Dublin’s security was well managed, lots of lines open and it was constantly moving. It made it hard for us to pull whatever we could out of our suitcases and jam it into our backpacks. We lost our sunscreen and Rachel’s fancy hairspray.

We ran through duty free, to gate 302 (I lost a shoe from my unzipped backpack, which Rachel recovered for me) and were ecstatic to see an enormous line. We made it! Hooray!!! When we got there she said that the other shoe wasn’t in my backpack, I was like well yeah, the other one’s in my suitcase. Ha! I guess shoes don’t travel alone very often. 

Rachel kind of looked like a medical patient on the run the whole time; it was as if she had some terrible disease and was attempting to feign health so they would allow her to board. Haha, maybe not that bad, but she didn’t look well. She told me in an apologetic tone after take off that she probably wouldn’t be going out tonight.


I’d never heard of Vueling before we booked our flights; ours was the only flight on the board from Dublin. They are a Spanish airline. Our flight attendants certainly looked Spanish. The two girls serving us both had their hair slicked back into long, flat ironed pony tails dangling down their backs. I wouldn’t be surprised to find their hair all over the plane!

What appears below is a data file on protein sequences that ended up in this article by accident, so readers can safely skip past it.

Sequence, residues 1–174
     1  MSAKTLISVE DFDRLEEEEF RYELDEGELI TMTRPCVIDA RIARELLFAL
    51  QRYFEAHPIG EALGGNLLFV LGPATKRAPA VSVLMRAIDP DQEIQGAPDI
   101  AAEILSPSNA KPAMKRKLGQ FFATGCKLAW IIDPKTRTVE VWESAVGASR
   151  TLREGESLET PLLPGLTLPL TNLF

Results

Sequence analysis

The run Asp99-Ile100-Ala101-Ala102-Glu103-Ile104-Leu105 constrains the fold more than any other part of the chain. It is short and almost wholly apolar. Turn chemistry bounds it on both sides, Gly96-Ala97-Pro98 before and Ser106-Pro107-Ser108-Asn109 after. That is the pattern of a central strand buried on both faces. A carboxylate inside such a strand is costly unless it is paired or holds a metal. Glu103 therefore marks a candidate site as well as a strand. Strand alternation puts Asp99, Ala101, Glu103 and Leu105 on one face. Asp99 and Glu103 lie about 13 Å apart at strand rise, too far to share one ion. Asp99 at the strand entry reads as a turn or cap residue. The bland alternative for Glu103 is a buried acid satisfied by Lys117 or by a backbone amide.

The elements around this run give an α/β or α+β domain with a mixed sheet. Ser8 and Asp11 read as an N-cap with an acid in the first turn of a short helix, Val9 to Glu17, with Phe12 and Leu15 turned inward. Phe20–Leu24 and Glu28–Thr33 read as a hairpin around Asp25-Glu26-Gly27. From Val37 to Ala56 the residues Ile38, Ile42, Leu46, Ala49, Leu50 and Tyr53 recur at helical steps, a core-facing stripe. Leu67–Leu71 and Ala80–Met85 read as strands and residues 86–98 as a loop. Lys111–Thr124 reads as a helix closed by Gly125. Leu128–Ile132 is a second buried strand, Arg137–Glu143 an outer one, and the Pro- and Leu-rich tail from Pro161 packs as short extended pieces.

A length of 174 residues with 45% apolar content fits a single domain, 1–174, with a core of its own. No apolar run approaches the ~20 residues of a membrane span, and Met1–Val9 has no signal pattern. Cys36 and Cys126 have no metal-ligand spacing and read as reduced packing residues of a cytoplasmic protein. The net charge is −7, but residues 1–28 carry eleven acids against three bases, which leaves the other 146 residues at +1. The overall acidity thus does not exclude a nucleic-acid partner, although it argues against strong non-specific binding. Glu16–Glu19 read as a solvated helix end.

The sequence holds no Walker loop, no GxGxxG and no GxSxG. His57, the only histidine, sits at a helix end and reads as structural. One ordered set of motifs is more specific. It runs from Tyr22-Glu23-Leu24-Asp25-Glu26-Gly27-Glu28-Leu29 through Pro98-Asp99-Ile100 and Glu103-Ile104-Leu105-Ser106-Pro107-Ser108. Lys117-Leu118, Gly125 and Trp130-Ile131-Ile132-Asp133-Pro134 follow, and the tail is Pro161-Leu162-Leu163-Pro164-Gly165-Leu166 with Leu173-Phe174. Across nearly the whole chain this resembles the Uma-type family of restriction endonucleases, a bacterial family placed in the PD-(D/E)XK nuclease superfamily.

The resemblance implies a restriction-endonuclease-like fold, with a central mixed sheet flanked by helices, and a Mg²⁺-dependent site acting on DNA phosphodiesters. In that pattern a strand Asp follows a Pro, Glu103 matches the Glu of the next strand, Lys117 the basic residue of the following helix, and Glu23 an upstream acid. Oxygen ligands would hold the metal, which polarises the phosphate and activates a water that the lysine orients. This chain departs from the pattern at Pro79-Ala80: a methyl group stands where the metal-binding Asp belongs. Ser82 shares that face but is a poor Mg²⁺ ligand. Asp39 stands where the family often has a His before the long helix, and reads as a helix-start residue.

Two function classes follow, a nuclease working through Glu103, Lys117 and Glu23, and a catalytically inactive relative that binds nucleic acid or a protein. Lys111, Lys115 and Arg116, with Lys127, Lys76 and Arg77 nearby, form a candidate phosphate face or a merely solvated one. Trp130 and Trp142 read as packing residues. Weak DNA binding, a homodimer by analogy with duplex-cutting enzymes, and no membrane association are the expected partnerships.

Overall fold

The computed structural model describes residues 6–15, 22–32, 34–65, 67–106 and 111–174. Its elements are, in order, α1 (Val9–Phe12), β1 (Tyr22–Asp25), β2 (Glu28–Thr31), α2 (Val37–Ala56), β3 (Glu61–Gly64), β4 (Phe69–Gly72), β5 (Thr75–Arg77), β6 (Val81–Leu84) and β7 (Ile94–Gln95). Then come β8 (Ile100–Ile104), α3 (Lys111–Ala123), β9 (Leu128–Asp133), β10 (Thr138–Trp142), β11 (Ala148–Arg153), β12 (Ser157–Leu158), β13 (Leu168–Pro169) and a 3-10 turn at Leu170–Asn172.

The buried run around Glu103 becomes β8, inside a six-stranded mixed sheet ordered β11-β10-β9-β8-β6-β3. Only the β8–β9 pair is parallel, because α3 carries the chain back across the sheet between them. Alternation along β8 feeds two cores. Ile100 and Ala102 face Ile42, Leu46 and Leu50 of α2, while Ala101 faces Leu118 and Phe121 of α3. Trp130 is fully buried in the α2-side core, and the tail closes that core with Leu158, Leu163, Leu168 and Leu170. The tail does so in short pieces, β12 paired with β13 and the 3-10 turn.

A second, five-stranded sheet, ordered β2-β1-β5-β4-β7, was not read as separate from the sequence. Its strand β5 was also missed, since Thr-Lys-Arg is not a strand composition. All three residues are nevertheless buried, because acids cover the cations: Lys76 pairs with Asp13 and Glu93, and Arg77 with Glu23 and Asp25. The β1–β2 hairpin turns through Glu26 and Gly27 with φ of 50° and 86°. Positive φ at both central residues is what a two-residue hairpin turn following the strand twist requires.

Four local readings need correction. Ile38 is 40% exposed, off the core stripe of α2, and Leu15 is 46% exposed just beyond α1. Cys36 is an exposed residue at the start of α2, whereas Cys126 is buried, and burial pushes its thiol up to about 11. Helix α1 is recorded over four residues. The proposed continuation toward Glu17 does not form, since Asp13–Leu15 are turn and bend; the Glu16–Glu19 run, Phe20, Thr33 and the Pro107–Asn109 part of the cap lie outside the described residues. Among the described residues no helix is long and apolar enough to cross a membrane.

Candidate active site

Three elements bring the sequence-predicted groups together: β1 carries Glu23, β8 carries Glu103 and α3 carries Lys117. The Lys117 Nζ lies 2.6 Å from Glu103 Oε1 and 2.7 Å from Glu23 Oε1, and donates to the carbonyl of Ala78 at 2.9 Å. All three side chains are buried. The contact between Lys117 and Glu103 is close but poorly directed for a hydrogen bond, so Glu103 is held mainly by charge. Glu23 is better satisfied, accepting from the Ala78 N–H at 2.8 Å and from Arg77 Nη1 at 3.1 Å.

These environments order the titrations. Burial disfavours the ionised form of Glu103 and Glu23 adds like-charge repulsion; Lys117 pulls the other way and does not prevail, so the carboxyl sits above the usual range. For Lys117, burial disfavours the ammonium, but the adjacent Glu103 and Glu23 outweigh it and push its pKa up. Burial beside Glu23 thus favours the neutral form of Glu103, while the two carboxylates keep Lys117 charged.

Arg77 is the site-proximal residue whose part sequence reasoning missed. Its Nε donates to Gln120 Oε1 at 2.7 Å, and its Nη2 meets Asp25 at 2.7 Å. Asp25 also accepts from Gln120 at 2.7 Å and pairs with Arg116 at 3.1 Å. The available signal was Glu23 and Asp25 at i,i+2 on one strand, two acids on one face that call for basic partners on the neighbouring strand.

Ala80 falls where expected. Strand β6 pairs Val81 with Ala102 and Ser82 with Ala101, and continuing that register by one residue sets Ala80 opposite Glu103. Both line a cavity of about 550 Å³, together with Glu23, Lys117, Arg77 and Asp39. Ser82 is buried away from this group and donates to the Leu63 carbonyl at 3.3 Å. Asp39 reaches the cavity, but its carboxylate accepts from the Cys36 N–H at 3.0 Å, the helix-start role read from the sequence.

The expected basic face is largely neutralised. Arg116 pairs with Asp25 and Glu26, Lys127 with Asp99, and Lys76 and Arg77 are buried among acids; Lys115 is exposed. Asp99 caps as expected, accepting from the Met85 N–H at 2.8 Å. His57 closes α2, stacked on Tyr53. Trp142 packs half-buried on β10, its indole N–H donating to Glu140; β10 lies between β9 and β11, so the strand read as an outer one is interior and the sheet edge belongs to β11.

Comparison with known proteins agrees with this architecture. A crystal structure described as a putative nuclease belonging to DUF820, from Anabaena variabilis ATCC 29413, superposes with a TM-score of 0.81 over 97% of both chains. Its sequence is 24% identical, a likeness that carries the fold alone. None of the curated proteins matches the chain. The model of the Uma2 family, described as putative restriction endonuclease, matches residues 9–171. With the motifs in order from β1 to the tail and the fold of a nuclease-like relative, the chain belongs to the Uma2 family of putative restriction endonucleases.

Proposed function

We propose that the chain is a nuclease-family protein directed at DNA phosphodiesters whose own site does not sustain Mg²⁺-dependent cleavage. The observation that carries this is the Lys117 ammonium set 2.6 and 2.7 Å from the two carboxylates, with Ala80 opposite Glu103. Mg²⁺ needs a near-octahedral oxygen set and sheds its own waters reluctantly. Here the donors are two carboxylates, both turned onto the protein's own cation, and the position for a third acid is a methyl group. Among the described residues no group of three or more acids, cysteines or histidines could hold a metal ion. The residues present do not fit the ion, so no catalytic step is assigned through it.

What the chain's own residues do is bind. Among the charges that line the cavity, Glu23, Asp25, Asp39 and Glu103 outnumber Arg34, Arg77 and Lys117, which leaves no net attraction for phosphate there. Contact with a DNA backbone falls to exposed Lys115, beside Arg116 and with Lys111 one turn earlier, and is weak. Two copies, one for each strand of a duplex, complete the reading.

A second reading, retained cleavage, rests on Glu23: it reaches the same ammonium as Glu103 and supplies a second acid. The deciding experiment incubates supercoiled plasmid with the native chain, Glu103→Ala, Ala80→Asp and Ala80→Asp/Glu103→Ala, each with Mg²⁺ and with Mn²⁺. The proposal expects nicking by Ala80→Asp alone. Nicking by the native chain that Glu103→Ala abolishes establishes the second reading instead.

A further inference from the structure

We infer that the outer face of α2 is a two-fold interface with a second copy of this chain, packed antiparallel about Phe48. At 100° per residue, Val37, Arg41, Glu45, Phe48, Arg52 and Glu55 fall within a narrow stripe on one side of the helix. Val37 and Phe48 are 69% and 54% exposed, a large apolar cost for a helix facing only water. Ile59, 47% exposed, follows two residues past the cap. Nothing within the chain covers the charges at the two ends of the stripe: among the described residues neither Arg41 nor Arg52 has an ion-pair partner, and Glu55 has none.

bcn05The one girl I can only describe as a vixen, she exudes confidence. She was literally peering out at the rows of passengers with squinty, sharp eyes, accentuated by her make-up. Certainly seemed like someone not to fuck with. Fierce.  I think maybe she’s just blind and refuses to wear glasses.

Bahaha. I couldn’t help but think it was somewhat sexual the way she demonstrated putting on the life vest. She held it in front of her face for a few moments before thrusting her head through the opening, all straight faced and no nonsense. I missed it, but Rachel told me later that after putting it on, she jerked her head to her right and gave a cool puff of air in the direction of the red tube. The whole thing was too funny. I was bored so I tried to draw a picture.

She was lovely when we ordered two noodle cups from her for 7.20 euros. What a good mark up that is. Maybe that’s something WestJet should add to their buy on board menu, we were certainly happy to eat them, and it was more satisfying than some of the other crap food you can buy on planes.

Oh, and we did give the guy who budged us the evil eye (and by we, I mean I did).

Note to self. Always send more postcards, mail is fun!

bcn06I thought that the bathroom signs on the plane looked a bit peculiar. Where the man’s legs start is right where the woman’s skirt ended, making it look like she was lifting her skirt up!

We arrived and took the Aerobus to Plaça Catalunya and walked over to Paseo Lluyis Companys (that’s the street name). We were looking for n2, but it didn’t seem to exist. The street ended with a big, ominous looking cement building that had no lights on. I would have pegged it as an abandoned jail house. We had no phone, no internet, and no way of messaging this lady (we found a place with Air BnB). We were also about 2 hours later than we thought we’d be. Finally, Rachel realized that we were on the wrong side of the street, as all the numbers were odd. Ha!



The Cliffs and Galway